Yes, my wife and I (a.k.a. The Professor and Mary Anne) were honored to serve as grand marshals for the 2013 Cherry Festival Parade. And no, it was not a sign the apocalypse is upon us, that the Extension cereals agent was asked to lead that popular cherry-focused event.
Rather, it seems more like the old saying about “dancing with the one that brought you to the dance in the first place.”
The annual Cherry Festival is sponsored by The Dalles Area Chamber of Commerce. The Chamber selected us as gentle reminder that they are turning increased focus back to their original roots, as noted in their founding proclamation from April 20, 1916.
The Chamber was “not conceived and perfected with the object of advancing the interests of The Dalles alone, but of the entire county of Wasco.”
Former Chamber Director Pat McGaughey picked up on that and promoted the idea that the Chamber had been doing business for 10,000 years, a strong reminder of the influence of the Celilo traders that drew so many from so far away. Celilo was a place somehow designated as a demilitarized zone, where factions set aside their differences and traded for their needs. All were welcomed regardless of their color, race or religion. The Maryhill Museum of Art has a wonderful display showing items found in the local area, but that originated hundreds of miles away from us. Business is inherent in this region.
The release on the Chamber further notes that the aim of the new organization shall be “that of promoting the agricultural, commercial and industrial welfare” of the region.
The last figure I heard noted that while the population of The Dalles is only 14,400, it is the central shopping/business hub for about 80,000 people. And most of that is rural, ag producing ground: tree fruits, wheat, cattle, hay and timber highlighting the list of ag production.
So let’s look at the value of that ag production. Wasco County is obviously led by sweet cherries that contribute about $55 million dollars, about 51 percent of its total 2012 ag sales. And that is not counting the impact of 3,000 to 5,000 pickers and families the area draws annually to pick the high-quality cherry that a machine cannot. Even with all the advances in technology, machines can’t efficiently pick a cherry with the stem on.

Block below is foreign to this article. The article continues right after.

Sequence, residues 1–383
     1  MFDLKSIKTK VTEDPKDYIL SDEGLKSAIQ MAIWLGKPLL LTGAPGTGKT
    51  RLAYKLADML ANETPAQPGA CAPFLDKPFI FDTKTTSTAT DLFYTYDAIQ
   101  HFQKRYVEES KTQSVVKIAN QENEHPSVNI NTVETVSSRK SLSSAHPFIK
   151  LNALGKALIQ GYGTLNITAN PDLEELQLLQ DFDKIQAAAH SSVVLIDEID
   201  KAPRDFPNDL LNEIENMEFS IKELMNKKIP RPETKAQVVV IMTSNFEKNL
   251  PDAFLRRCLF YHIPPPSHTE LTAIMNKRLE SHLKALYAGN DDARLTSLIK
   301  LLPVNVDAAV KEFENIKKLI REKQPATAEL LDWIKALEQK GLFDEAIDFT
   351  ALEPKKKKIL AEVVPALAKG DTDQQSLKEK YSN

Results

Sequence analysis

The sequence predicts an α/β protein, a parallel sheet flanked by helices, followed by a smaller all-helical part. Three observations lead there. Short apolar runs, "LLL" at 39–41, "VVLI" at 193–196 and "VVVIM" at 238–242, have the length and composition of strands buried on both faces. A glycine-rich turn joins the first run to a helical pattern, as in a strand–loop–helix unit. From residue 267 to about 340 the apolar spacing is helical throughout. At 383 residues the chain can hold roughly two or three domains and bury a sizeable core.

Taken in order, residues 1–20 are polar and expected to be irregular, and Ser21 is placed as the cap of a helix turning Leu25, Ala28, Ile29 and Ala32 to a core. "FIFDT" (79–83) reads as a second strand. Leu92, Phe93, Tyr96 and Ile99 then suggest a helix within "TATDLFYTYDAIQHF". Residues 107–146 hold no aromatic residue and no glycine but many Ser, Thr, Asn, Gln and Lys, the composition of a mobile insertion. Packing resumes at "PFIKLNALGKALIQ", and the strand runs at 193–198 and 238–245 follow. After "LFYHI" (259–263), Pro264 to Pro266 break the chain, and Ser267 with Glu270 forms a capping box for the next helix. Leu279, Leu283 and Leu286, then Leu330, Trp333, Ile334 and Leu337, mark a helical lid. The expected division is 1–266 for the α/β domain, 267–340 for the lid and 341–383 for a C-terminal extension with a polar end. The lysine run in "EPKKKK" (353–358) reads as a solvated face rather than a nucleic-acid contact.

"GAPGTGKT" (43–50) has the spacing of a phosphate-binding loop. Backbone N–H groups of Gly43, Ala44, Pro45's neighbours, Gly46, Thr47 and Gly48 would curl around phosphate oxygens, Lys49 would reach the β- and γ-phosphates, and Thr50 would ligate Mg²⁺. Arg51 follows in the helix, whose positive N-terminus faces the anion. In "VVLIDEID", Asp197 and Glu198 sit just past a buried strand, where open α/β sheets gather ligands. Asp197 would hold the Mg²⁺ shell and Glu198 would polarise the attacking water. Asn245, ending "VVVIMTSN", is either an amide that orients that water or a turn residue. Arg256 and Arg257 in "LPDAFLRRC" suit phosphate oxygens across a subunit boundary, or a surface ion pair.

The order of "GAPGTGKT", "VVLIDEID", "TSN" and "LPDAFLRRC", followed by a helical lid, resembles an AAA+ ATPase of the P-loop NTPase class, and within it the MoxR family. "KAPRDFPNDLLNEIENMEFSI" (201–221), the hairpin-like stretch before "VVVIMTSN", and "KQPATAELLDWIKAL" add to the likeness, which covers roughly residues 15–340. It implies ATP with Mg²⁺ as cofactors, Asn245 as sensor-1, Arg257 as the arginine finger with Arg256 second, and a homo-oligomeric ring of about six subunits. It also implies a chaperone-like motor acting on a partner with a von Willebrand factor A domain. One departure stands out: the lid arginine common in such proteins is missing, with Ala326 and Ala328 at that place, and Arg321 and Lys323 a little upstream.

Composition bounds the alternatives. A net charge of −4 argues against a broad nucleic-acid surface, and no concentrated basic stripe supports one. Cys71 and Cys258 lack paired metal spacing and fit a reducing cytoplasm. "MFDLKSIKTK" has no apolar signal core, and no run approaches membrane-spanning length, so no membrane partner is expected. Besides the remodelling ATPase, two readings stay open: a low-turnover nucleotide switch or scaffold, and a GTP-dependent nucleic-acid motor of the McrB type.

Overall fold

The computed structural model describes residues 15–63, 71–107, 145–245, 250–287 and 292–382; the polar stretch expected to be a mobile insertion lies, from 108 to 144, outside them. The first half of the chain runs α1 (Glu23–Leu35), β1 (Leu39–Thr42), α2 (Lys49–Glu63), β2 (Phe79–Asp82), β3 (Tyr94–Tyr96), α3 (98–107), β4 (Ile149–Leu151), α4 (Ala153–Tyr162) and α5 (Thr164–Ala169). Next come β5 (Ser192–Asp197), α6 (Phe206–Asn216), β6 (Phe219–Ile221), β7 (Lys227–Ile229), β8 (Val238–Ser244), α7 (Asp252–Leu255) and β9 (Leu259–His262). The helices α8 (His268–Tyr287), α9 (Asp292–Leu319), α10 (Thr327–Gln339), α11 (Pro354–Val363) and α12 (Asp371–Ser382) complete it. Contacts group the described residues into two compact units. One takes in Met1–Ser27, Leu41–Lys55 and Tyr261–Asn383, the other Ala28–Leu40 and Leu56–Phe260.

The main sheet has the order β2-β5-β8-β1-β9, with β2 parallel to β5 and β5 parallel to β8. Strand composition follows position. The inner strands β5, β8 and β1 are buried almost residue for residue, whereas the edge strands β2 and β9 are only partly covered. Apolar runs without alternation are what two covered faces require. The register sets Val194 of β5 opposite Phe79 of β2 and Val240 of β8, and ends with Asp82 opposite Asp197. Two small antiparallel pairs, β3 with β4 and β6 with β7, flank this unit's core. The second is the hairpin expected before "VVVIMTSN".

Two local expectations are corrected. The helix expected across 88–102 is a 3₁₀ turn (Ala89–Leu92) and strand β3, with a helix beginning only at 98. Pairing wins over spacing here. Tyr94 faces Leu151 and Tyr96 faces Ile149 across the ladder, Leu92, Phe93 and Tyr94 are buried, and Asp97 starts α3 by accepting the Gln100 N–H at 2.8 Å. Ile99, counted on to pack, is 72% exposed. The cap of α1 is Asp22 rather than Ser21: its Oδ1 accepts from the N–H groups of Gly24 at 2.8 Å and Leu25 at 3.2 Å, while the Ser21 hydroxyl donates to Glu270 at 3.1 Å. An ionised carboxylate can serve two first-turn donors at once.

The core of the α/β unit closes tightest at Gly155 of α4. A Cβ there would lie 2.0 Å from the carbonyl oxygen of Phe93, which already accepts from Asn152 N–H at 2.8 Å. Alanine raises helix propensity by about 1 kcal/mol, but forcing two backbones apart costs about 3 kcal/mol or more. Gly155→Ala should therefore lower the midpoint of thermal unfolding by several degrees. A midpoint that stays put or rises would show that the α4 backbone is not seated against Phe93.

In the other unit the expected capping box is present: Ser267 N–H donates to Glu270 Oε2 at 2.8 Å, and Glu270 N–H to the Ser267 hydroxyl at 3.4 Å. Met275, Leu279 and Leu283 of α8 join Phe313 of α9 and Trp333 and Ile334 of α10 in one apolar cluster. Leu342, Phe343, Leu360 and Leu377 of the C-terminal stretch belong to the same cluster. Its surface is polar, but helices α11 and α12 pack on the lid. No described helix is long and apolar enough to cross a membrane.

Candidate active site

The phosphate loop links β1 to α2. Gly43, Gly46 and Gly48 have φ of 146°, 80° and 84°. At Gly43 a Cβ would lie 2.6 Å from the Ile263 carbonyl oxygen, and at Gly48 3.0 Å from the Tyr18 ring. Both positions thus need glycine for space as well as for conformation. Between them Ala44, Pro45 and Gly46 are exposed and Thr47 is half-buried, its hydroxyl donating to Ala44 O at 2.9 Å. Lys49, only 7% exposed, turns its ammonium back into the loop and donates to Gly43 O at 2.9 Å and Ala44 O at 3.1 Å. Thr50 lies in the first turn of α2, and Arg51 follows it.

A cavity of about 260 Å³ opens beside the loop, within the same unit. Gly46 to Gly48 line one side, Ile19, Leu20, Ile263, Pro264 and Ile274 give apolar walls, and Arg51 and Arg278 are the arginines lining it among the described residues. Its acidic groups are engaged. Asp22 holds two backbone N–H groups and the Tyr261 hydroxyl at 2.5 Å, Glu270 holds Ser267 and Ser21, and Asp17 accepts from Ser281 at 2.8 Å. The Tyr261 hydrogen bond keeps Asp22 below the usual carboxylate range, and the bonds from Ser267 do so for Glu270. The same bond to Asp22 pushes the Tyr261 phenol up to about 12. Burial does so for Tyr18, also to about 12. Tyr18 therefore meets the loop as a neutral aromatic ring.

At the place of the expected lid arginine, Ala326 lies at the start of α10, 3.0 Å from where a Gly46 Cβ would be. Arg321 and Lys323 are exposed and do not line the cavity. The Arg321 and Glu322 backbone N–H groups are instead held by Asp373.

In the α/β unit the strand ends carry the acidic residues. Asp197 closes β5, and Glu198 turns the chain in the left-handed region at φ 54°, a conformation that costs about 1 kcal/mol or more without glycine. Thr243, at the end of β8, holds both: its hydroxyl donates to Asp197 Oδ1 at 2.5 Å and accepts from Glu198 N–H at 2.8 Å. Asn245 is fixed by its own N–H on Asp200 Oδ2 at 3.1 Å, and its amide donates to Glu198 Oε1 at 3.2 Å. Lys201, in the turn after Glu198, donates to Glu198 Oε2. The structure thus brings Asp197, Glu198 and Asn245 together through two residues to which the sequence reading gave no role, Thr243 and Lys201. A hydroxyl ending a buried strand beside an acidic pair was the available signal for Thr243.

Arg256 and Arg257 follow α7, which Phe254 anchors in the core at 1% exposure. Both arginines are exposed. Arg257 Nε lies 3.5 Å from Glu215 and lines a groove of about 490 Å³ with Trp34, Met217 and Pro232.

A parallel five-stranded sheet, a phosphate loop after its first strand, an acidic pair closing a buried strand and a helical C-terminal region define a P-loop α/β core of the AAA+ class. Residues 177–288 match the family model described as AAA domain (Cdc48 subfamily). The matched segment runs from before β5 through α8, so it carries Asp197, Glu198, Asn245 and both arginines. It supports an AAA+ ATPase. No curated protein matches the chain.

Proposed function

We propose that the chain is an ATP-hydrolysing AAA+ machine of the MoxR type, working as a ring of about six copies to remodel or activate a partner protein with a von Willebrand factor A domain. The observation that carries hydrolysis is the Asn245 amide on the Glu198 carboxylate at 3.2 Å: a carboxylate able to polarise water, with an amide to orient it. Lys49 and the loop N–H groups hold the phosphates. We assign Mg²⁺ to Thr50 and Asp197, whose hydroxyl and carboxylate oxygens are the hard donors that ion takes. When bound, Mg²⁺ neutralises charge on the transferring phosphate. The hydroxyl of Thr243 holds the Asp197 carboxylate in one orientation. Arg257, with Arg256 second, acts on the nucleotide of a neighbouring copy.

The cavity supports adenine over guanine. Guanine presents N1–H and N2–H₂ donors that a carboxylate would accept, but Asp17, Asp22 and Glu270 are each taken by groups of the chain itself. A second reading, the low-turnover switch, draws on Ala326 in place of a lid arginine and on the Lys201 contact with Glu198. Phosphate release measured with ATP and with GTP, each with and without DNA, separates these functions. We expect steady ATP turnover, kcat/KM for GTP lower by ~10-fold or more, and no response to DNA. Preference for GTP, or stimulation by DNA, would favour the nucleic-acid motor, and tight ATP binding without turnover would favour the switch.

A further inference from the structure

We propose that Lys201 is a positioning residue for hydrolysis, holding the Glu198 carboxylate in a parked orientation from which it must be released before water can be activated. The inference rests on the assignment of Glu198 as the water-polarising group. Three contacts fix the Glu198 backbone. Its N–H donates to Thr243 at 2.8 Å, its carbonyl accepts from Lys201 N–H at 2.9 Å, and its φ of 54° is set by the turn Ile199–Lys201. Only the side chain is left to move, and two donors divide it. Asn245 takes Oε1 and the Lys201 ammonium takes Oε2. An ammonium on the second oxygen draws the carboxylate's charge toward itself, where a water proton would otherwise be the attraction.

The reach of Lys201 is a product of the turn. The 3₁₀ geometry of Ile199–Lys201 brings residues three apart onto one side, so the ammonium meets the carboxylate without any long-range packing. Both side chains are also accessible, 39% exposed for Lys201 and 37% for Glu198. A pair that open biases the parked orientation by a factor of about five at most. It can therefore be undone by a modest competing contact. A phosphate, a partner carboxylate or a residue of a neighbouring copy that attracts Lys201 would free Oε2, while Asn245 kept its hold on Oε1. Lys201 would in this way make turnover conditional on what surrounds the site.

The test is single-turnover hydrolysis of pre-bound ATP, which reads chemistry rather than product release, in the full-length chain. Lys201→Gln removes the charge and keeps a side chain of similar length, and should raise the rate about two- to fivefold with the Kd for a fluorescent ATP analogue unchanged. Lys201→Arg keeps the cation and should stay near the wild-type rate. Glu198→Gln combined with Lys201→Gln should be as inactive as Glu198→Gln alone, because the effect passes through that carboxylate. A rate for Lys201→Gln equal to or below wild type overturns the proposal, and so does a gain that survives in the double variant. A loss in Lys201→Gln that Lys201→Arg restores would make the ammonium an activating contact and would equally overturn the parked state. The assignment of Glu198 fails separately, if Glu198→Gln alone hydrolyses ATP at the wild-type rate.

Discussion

Wheat represents another 23 percent of Wasco County’s ag sales ($24 million), while other crop — livestock, hay and pears — round out the $107 million in ag values.
From one county, $107 million. If one estimates that each dollar circulates the local area six times before it moves on, that means Wasco County ag could be said to have a $642 million local impact.
But wait, there’s more. Hood River’s production generates another $112 million (85 percent of which is pears). Even if part of that is spent in The Dalles, it has huge impact on the area.
Then look to the east. Wheat! Lots of soft white wheat.
Sherman County, which is one of the smaller counties in Oregon by size, is always the third largest wheat producer. Last year, its 110,000 acres of harvested wheat generated an added $52 million. That’s 80 percent of Sherman County’s total ag value production. Gilliam County boasted an ag revenue of another $27 million.
And let’s be honest; even though the Columbia River still divides Oregon from Washington, I have seen a vehicle or two with Washington plates shopping in The Dalles. Let’s add another $95 million in their ag production.
So do a quick summary. Adding up all the ag production values in this Mid-Columbia region — $311 million on the Oregon side plus $95 million from Washington — and the total exceeds $406 million dollars. Again, factor each dollar as circulating six times through the economy and the potential is there for nearly $2.5 BILLION in our local economy.
Granted, not every dollar gets spent here, there will be some leakage. But the fact that the potential is there is what helps attract the businesses that do settle here. And ag production is here year after year.
So the question becomes how do we capture more of those local dollars and keep them in our region?
Why not form a group of interested thinkers, of active doers willing to celebrate the basis of our economy?
That is why we have the Chamber of Commerce. That is why they sponsor this annual event celebrating the production of our blessed area. Thank you, Chamber, and thank you, farmers, ranchers and orchardists.
After all, you not only gotta dance with one that brung ya, but good society says you also gotta take ‘em home.